Mark To Market Accounting
There have been many advances in the field of credit management. Mark to market accounting is one such innovation. Mark to market accounting is now commonly used by many organizations to manage their credit risks. In this article, we will understand what the concept of mark to market is and how it helps in managing credit risks.
What is Mark To Market?
Mark to market is a way of recording and valuing the loan assets on the balance sheet of the lender. Traditionally, loans made by lenders were held on the books at book value. However, there was a problem with this approach. The book value does not reflect the decreased credit quality over a period of time. Hence companies often valued their investments at a higher value even though they were being traded at a lower value in the market.
Mark to market accounting was created as a solution to help resolve this problem. Mark to market simply means that the value of the asset on the balance sheet of the lender is changed periodically to reflect the new market realities. For instance, if a bond was purchased for $100 but its present market value is $90, then the company will be forced to adjust the $100 value to $90. As a result, the net worth of the company will be reduced by $10!
Before implementing mark to market accounting, a time period has to be decided when the valuation will be updated. For instance, companies generally decide to mark the value of their positions to the market at the end of each trading day. The price which will be used for valuation also has to be clearly defined. For instance, the closing ask price at the end of the day will be used for valuation.
Advantages of Mark to Market
There are several known benefits of using the mark to market approach. Some of these benefits are as follows:
- Accurate Reporting: When it comes to credit risk management, timing is everything! This means that if a company is able to detect a negative exposure at the earliest, they have a better chance of managing it. This is the biggest benefit of mark to market accounting. It provides real-time updates to senior management about the quality of credit which is being held by them. This helps companies take appropriate corrective action and prevents them from losing money.
- Managed Exposure: Companies often create credit limits to manage their credit exposure. However, these credit limits are not as useful if they do not take into account the current values being traded. Mark to market accounting makes it much more easier to manage exposures. Companies can notice the debtors whose credit quality is being decreased. They can use different approaches to limit exposure to these debtors. Also, it provides data which the company can later use to understand the correlation between different types of debt.
- Early Detection: Traditional credit management is reactive in nature. This means that companies only start taking action after a negative credit event has occurred. On the other hand, mark to market is proactive. It closely tracks the credit quality and puts the company in a position wherein they dont have to react to credit events but instead they can predict negative credit events.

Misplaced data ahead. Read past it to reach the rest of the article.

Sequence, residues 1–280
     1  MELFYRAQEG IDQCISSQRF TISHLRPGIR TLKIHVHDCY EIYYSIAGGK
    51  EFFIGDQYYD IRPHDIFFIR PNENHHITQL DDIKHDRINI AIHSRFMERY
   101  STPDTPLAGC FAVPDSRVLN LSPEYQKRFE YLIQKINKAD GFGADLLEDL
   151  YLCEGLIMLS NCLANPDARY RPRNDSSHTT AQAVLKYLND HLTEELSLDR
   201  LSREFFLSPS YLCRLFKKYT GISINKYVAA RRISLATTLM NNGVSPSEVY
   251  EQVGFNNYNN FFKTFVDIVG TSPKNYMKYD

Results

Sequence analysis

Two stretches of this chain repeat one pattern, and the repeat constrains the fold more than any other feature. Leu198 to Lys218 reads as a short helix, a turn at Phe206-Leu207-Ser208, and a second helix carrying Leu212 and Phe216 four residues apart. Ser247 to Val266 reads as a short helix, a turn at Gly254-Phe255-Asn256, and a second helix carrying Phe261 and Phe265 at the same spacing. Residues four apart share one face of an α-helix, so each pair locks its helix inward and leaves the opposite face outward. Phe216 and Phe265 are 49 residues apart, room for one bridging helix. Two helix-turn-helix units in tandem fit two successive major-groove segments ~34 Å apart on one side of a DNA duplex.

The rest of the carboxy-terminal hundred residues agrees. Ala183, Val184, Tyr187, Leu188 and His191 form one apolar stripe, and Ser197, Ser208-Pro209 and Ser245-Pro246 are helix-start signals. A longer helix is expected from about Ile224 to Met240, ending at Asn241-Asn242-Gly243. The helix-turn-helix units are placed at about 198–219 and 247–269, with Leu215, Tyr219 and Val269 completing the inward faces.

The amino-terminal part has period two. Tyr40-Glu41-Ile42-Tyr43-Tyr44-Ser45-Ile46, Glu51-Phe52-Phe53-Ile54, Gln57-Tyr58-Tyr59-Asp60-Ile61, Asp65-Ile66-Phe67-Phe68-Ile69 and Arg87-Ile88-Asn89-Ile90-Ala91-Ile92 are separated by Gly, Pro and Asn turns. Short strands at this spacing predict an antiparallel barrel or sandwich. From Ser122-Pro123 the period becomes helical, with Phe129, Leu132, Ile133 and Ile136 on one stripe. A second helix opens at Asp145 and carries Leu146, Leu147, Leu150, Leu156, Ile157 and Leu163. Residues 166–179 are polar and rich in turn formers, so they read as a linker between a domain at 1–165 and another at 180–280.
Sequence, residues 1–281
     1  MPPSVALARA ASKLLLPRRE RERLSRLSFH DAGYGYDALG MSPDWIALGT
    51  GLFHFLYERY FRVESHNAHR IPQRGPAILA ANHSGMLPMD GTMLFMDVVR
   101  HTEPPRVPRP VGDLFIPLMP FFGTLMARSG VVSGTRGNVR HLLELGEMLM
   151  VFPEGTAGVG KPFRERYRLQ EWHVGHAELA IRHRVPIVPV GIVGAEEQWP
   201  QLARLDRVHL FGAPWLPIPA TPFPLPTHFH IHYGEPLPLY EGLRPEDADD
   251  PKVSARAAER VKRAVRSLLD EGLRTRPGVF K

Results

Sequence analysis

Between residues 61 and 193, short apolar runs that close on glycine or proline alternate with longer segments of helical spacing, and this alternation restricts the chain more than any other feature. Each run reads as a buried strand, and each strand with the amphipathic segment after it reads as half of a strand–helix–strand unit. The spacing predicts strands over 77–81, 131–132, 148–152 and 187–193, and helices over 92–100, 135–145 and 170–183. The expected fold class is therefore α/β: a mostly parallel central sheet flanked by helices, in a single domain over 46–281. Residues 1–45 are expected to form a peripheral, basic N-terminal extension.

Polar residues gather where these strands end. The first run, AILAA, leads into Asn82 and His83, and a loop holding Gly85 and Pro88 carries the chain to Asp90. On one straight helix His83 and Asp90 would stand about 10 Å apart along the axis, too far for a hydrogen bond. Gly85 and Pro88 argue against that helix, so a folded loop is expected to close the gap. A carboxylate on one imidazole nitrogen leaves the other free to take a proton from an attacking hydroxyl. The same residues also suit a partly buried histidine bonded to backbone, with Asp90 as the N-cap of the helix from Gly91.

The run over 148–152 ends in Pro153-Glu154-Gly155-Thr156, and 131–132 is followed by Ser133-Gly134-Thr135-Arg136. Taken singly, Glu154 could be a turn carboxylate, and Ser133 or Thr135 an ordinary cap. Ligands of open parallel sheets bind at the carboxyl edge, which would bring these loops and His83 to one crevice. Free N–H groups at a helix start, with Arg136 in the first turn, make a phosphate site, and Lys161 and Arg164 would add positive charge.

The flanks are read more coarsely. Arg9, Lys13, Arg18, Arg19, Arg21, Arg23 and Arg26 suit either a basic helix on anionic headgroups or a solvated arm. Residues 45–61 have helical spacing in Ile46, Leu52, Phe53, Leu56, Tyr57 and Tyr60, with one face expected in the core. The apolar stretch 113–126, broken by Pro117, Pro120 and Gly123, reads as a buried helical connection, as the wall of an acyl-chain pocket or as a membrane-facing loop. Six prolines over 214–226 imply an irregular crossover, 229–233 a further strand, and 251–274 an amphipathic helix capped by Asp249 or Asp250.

Disadvantages of Mark to Market
The mark to market accounting model has also faced several criticisms from the financial community. Some of them have been listed below:
- Adds to the Panic and Extravagance: The mark to market accounting model is often criticized for creating bubbles. This is because it accentuates the feelings of fear and greed in the market. This is because when the market goes down because of speculative activities, companies are forced to recognize the losses on their balance sheet. The recognition of this loss creates pressure on the company to liquidate their positions in order to cut the losses. However, if many companies try to do so, prices fall down further.
Hence, mark to market is criticized for creating a downward spiral. It faced this criticism during the 2008 crisis. The opposite of this is also true. When this is an upward movement in the market, mark to market also forces investors to recognize their gains. The recognition of these gains makes them excessively bullish and further accentuates the upward trend in the market.
- Prices do not Reflect Liquidity: Another problem with mark to market accounting is that for many assets the markets are not that liquid. Hence, even though the price may be quoted on the market, the company may not be able to actually liquidate the asset at that price. In such cases, the mark to market valuation may simply be misleading.
- Mark to Model: For some other assets, there might not be any available market to take reference prices from. This is often the case for complex derivatives. In such cases, prices are derived by marking them to a mathematical model instead of an actual market. The problem here is the assumption that the investor will be able to liquidate the asset at a price suggested by the model. Also, this method is open to manipulation. If the assumptions in the model are tweaked, then the value can be changed.
It would be fair to say that mark to market is a valuable instrument which if used correctly can aid in credit risk management. However, it is important for companies to be aware of the possible risks and ensure that they are avoided.
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